How I Survived: A Bombing in Libya

Michael Christopher Brown, 33, Photographer

Mortar demonstration

Mortar demonstration     Photo: U.S. Army Corps of Engineers/Flickr

Michael Christopher Brown lived through a mortar attack in April that killed colleagues Chris Hondros and Tim Hetherington.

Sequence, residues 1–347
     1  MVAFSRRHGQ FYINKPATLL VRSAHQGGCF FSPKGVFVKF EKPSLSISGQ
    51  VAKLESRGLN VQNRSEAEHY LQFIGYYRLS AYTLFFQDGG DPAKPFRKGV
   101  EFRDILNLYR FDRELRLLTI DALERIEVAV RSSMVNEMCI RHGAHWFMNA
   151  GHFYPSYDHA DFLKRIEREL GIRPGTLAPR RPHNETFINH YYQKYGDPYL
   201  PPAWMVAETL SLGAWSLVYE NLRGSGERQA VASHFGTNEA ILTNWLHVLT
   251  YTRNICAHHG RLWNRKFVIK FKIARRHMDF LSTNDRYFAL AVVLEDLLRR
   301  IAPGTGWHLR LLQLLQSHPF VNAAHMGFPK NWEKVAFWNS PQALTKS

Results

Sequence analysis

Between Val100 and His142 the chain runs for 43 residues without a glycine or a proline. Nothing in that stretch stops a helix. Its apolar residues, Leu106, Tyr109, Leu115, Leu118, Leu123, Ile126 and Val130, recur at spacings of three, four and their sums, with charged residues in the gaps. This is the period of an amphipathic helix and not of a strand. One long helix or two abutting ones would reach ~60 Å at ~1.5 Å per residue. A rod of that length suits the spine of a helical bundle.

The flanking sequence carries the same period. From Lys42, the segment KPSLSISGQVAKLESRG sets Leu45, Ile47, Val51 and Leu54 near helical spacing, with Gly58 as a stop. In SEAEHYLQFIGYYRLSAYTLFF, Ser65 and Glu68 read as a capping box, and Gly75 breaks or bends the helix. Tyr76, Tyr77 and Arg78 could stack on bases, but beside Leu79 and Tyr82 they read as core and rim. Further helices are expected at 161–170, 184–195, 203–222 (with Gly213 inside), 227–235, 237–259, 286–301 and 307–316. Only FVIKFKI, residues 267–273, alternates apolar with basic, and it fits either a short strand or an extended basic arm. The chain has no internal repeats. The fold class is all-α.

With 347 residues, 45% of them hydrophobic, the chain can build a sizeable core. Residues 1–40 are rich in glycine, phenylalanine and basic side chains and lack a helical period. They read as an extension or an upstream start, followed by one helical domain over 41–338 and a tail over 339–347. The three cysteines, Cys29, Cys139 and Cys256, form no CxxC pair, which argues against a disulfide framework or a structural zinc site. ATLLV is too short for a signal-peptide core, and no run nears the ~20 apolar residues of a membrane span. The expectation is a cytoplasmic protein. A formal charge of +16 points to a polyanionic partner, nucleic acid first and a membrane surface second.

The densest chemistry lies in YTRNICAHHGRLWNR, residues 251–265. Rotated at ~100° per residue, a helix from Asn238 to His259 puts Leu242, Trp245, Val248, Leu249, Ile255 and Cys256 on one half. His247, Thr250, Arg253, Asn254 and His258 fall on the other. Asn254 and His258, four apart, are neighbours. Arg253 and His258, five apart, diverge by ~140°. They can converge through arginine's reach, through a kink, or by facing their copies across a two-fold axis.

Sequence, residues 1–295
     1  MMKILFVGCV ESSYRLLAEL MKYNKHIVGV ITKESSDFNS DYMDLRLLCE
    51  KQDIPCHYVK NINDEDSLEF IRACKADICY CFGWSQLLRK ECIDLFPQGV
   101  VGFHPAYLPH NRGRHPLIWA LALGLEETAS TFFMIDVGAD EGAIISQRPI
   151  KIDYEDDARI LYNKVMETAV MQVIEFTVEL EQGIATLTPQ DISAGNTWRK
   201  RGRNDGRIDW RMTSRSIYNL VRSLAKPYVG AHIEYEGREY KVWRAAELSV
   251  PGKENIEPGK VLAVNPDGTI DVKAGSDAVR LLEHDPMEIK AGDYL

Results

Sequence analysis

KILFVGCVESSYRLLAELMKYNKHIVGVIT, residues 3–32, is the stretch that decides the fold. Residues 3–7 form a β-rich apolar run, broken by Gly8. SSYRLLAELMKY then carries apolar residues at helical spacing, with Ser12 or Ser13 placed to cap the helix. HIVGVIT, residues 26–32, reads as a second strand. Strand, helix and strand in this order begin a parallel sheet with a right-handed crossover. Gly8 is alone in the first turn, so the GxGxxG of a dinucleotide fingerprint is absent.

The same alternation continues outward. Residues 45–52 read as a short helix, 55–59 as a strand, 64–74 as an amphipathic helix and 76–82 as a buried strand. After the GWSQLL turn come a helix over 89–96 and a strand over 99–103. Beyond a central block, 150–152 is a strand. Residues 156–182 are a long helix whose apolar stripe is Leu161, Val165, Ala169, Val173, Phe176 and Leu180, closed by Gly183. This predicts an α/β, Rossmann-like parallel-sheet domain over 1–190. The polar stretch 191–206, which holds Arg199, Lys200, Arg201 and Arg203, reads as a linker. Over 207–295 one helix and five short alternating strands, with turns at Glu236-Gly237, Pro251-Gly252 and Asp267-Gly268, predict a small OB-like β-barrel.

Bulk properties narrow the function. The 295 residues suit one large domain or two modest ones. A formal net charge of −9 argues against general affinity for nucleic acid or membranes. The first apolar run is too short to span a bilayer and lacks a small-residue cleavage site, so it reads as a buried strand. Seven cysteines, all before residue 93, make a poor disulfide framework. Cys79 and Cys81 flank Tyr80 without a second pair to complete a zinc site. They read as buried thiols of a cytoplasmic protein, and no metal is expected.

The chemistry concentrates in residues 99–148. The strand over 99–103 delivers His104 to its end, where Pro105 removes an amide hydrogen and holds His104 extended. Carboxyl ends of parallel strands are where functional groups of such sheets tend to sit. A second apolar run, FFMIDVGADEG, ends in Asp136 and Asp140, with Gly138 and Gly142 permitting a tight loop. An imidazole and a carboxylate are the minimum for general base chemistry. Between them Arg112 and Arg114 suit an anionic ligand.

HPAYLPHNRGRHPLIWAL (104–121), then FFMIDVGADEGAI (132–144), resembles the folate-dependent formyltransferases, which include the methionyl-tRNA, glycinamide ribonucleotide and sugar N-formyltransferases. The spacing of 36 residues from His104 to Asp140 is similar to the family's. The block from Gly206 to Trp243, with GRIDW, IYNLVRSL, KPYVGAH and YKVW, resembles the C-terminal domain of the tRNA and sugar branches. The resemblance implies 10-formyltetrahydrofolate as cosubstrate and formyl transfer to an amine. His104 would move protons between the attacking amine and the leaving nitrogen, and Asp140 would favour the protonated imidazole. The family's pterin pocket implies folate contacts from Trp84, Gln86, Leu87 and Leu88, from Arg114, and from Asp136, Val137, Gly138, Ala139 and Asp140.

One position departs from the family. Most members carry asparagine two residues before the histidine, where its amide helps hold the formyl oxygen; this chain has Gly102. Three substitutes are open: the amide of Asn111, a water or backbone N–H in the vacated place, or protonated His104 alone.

The four of us—Tim, Chris, Guy Martin, and myself—along with a couple other photographers and a large group of protestors, were walking up Tripoli Street, one of the front lines in Misurata. The city was under siege, completely surrounded and being shelled every day. Grad rockets, cluster bombs, and tank shelling were generally the Qaddafi artillery of choice. There were also snipers. The street was completely open, with little cover. At one point, the rebels advanced, but there were sniper shots. After the rebels ran to the side of the street for cover, we all flipped around and started moving quickly away from the front line. By this time in the afternoon, the rebels were exhausted. When I think about it now, it was a really good time for the Qaddafi forces to attack. Tim was looking at his camera. I had no flak jacket on; I was walking behind people, so I had at least one side covered. We were hit by an M120 mortar. I vaguely remember hearing it coming in, and as soon as it hit, it was like a shockwave. There was smoke everywhere. The guy who was right in front of me was hit really badly. He was blown off his feet and was bleeding everywhere. I don’t know what happened to him. I remember this feeling of hot metal in my arm and chest—and then a river of blood coming out of my body. I looked at my body and made sure that I had all of my limbs. Chris was immediately unconscious; he was hit in the head. And Tim was bleeding out there at the scene. He was hit in the artery in his leg, yelling for help. There was no way the photographer who was helping him could have stopped the bleeding. Before he reached the hospital, Tim was dead. Chris died later that night. The wound was in between my shoulder and my chest. By the time we got to the hospital, I was half-conscious and had lost something like half of my body’s blood and was starting to get cold. At the hospital, I could hear the other trucks coming in, which had the other bodies—the other photographers. I still have all the pictures from that day.

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